5 Preparation of Manuscripts
5.1 General Remarks
The following remarks aim to assist you in preparing your manuscript for submission to Electroanalysis. Authors are encouraged to consult recent issues of Electroanalysis for examples of format. We strongly encourage our authors to adhere closely to these guidelines as it facilitates both the peer-review and the editorial process.
From 2014 (volume 26) onwards, Electroanalysis is published fully online. No issues will be printed. All color figures in Electroanalysis are reproduced free of charge to authors. All author benefits and services remain in place, e.g., authors will continue to be able to order reprints of their articles or print-on-demand issue copies.
For all types of contribution described above, a suitable color graphic (formula or part of a figure) for the Table of Contents should be included. Pictures should be kept small with minimum detail, as the maximum final width is 5 cm.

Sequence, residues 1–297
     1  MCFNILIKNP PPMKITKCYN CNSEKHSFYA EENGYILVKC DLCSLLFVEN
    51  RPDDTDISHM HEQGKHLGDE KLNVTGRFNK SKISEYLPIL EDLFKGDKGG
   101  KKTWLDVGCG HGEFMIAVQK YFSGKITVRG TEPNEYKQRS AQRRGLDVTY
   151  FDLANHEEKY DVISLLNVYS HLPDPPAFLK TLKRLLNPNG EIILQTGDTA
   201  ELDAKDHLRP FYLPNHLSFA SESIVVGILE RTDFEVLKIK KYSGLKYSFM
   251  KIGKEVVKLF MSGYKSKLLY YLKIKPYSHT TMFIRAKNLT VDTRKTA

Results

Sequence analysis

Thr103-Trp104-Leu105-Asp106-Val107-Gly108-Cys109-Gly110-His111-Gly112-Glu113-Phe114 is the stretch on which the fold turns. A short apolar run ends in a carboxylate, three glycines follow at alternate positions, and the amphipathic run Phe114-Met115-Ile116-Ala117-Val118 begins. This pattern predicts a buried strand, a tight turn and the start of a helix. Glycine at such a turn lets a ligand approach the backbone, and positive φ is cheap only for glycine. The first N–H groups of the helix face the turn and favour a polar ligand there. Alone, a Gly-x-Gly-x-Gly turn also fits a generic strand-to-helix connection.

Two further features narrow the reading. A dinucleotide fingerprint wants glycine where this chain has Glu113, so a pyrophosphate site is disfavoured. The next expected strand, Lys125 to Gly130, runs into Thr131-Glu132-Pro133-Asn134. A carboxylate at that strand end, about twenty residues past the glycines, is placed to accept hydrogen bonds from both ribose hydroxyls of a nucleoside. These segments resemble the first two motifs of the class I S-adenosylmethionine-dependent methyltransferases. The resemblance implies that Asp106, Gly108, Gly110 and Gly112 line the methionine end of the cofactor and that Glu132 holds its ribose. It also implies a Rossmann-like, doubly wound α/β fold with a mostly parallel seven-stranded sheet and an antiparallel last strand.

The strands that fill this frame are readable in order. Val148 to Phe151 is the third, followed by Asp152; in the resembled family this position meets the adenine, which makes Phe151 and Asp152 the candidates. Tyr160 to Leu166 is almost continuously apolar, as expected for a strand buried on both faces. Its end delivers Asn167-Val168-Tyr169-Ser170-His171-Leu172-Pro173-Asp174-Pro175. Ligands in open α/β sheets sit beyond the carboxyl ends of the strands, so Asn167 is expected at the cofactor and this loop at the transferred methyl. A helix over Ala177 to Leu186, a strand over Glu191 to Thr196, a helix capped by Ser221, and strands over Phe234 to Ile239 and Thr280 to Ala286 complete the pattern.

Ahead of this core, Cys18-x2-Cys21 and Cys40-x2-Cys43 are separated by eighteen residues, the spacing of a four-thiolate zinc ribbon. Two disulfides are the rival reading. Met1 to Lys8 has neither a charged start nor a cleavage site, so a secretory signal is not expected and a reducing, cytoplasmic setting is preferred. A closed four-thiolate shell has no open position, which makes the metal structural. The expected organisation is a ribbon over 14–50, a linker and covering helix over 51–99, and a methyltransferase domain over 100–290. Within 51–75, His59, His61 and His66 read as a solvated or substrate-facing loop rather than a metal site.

We recommend the use of the Electroanalysis manuscript templates (MS Word for Win/Mac), which are available on the journal homepage at www.electroanalysis.wiley-vch.de under "Author Guidelines". Each template can be downloaded and saved as a DOC file, in which the positions for inserting the parts of the text and graphics of the manuscript have been clearly indicated. Supporting Information should be submitted as a separate file (cf. §5.3). In the revised or final accepted manuscript, graphics prepared with ChemDraw, ISIS Draw or Excel need to be embedded into the Word file and linked to those programs. All other graphics need to be supplied as separate files in a graphic format such as TIFF or JPG with a resolution of 300 dpi or higher.
Spelling may be either UK or US standard English, but consistency should be maintained within a manuscript.